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Students in front of University College during spring convocation dressed in their gowns

Alumni

The success of University College (UC) is based on the strength of our community: students, faculty, staff, and alumni. More than 50,000 people have become part of the UC alumni community since our founding in 1853. The success of UC alumni is a source of pride and inspiration to us all. Together, we celebrate lifelong learning, embrace diversity, and live out the UC motto: Parum claris lucem dare.  To shed light on that which is obscure.

2017 Alumni of Influence Award Recipient Roland Paris

Featured Alumni

Prof. Roland Paris (BA 1989 UC)

Roland Paris is an expert in international security and peacebuilding. He holds the University Research Chair in International Security and Governance at the University of Ottawa, where he is Professor in the Graduate School of Public and International Affairs. He has held advisory roles with the Privy Council, the Department of Foreign Affairs, the Federal-Provincial Relations Office, and the Prime Minister of Canada. A former director of research at the Conference Board of Canada, he is a regular commentator on international affairs, and the recipient of the prestigious Grawemeyer Award for Ideas Improving the World Order, among other honours.

Alumni Reunion in UC Quad

University of Toronto's Alumni Offerings

You aren't just part of the UC alumni community. Learn more about the events, benefits, networks and services available to all alumni across the university.

Upcoming Events

Sep 19
Please RSVP by Sept 13th
The University College Alumni Association (UCAA) invites you to come learn about the College’s plans for the coming academic year and give your feedback on our programming.

The UCAA’s objective is to promote community among alumni, and between alumni, students, and University College. The UCAA presents the opinions and recommendations of alumni to the administration and faculty of the College, and serves as a resource in advancing the College’s mission.
Sep 26
Lecture
Please RSVP by Sept 17th
When Justin Trudeau won the 2015 federal election, predictions that he’d be prime minister for at least two terms came even before his first had begun. After all, his youth and Canada’s electoral history suggested a mere four years of Liberal government was unlikely. Instead, the 2019 election turns out to be highly competitive. UC Alumnus John Geddes, Maclean’s magazine’s Ottawa bureau chief, will talk about the contest as it gathers steam.    
Oct 3
Endowed Lecture Series
This lecture explores the ways in which the exterior walls of houses serve as boundaries, screens and skins on which both architects and viewers project meanings. Drawing on "Modern," vernacular, and historicist examples, the lecture considers cultural values, gender and sexuality, interrogating the meaning of transparency, both literal and figurative, and highlighting the ways in which private lives and non-conforming or queer households can be concealed behind the walls of "poker-faced" houses.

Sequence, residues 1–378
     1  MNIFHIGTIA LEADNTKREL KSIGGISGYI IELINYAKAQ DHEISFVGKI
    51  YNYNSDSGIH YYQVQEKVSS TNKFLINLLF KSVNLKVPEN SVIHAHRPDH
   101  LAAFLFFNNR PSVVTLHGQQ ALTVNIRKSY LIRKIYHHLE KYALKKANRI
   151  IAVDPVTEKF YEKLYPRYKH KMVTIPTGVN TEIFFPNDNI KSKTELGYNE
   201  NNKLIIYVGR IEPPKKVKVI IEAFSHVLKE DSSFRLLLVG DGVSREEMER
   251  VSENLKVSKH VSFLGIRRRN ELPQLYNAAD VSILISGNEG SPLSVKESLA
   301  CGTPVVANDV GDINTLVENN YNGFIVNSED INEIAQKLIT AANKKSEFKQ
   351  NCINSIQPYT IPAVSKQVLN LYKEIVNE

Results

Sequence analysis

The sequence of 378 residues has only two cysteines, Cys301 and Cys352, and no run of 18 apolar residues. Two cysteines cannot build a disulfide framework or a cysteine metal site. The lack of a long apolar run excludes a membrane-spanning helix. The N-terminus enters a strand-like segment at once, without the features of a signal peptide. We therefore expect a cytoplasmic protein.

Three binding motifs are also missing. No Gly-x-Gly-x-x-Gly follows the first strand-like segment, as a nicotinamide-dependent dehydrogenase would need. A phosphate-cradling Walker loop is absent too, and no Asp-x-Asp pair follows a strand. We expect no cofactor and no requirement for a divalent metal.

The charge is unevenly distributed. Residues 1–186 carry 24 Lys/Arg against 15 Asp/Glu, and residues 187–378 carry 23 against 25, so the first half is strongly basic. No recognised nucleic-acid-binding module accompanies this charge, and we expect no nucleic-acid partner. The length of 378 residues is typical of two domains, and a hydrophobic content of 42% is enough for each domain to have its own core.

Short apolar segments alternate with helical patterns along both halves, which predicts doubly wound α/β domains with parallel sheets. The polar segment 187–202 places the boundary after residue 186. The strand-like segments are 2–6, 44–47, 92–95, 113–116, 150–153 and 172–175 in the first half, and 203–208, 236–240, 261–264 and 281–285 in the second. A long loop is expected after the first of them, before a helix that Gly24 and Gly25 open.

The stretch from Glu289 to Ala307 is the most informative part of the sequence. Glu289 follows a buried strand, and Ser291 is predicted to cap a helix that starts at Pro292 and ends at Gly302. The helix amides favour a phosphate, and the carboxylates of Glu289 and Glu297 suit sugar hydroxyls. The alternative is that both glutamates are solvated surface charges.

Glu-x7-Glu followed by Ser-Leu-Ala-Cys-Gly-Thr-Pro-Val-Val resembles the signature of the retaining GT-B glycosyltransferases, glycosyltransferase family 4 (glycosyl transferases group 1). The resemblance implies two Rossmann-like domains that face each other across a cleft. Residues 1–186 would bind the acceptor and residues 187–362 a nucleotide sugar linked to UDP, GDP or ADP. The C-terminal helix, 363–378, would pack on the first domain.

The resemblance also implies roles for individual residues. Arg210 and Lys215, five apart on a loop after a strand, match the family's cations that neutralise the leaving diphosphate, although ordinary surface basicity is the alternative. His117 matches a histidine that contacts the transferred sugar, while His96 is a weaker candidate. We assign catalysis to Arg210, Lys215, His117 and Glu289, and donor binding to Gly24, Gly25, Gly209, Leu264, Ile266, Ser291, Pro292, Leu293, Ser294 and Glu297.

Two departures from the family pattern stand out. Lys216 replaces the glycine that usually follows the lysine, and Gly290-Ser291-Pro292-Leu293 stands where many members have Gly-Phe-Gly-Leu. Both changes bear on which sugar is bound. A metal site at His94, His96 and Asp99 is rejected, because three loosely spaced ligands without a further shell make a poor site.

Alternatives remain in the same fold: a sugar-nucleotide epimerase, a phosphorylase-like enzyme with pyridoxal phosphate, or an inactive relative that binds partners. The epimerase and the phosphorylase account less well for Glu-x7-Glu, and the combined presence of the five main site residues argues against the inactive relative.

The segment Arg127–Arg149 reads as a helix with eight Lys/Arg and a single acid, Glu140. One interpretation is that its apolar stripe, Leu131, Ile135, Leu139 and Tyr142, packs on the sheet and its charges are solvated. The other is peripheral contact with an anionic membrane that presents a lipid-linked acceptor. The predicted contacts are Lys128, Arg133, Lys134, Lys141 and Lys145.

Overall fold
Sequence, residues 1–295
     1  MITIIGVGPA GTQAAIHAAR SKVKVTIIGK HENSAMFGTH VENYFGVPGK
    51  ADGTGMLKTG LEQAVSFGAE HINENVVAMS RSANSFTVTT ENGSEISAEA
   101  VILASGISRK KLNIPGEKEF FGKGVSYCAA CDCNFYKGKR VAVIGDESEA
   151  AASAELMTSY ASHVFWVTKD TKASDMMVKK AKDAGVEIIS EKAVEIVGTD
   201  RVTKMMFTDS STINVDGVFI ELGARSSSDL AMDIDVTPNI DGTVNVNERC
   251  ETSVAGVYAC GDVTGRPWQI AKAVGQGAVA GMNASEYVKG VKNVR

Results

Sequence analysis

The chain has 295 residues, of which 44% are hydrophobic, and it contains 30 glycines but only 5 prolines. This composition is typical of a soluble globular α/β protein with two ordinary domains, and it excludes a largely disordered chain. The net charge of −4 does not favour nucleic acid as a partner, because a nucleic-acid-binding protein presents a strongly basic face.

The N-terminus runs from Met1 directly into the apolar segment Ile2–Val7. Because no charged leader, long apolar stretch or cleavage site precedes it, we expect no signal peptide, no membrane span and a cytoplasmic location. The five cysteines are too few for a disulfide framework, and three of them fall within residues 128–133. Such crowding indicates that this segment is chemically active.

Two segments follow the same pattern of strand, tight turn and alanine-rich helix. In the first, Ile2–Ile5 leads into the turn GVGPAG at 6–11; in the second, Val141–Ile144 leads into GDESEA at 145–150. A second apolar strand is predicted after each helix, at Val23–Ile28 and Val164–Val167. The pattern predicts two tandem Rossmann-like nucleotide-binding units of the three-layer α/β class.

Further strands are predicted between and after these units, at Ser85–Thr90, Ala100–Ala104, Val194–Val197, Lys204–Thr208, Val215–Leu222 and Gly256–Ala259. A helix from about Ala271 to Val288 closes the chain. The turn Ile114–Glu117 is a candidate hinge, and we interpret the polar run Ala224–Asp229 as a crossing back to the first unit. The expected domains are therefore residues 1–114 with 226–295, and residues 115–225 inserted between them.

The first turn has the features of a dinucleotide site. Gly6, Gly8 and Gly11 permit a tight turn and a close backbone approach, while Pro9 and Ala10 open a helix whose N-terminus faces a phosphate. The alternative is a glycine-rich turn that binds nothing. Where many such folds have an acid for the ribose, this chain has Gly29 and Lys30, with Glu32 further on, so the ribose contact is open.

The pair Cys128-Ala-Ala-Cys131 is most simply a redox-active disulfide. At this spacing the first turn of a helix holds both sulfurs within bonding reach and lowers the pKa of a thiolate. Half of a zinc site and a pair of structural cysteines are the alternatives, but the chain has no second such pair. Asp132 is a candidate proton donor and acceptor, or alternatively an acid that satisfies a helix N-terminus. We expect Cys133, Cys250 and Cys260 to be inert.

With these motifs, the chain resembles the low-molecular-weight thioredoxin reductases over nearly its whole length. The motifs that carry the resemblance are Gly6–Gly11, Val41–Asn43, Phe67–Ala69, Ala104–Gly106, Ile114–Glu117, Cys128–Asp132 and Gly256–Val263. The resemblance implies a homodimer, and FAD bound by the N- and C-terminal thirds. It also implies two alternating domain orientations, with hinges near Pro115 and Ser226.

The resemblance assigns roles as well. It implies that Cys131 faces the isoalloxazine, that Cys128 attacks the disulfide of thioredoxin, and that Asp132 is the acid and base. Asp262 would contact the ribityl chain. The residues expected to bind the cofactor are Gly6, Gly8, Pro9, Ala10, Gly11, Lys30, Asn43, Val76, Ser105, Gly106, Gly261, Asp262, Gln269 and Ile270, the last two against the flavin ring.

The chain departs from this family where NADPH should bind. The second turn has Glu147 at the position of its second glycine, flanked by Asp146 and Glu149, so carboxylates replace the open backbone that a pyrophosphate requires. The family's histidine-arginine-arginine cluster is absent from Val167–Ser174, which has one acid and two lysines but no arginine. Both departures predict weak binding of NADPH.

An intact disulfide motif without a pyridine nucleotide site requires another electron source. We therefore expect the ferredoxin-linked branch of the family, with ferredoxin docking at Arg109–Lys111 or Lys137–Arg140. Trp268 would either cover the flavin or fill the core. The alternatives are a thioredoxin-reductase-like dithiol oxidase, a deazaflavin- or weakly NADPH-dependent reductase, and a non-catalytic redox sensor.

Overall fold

Lecture: 4:30pm in UC 140
Reception to follow in UC 240 
Oct 24
Endowed Lecture Series
Young children rapidly develop a basic, commonsense understanding of how the world works.  Research on infants suggests that this understanding rests on early emerging cognitive systems for representing bodies and their motions, agents and their actions, people and their social engagements, places and their relations of geocentric distance and direction, forms and their scale-invariant geometry, and number:  six systems of core knowledge. These systems are innate, abstract, strikingly limited, and yet present and functional throughout human life.  Infants’ knowledge then grows both through gradual learning processes that people share with other animals, and through a fast and flexible learning process that is unique to our species and emerges with the onset of language. The latter process composes new systems of concepts productively by combining concepts from distinct systems of core knowledge.  The compositional process is poorly understood but amenable to study, through coordinated behavioral testing and computational modeling of infants’ learning. To illustrate, this talk will focus on core knowledge of objects, agents, and number, and on two new systems of concepts that emerge over human development and support uniquely human achievements:  the artifact concepts underlying prolific tool use, and the numerical concepts underlying counting and exact arithmetic.

Lecture: 4:30pm in UC 140
Reception to follow in UC 240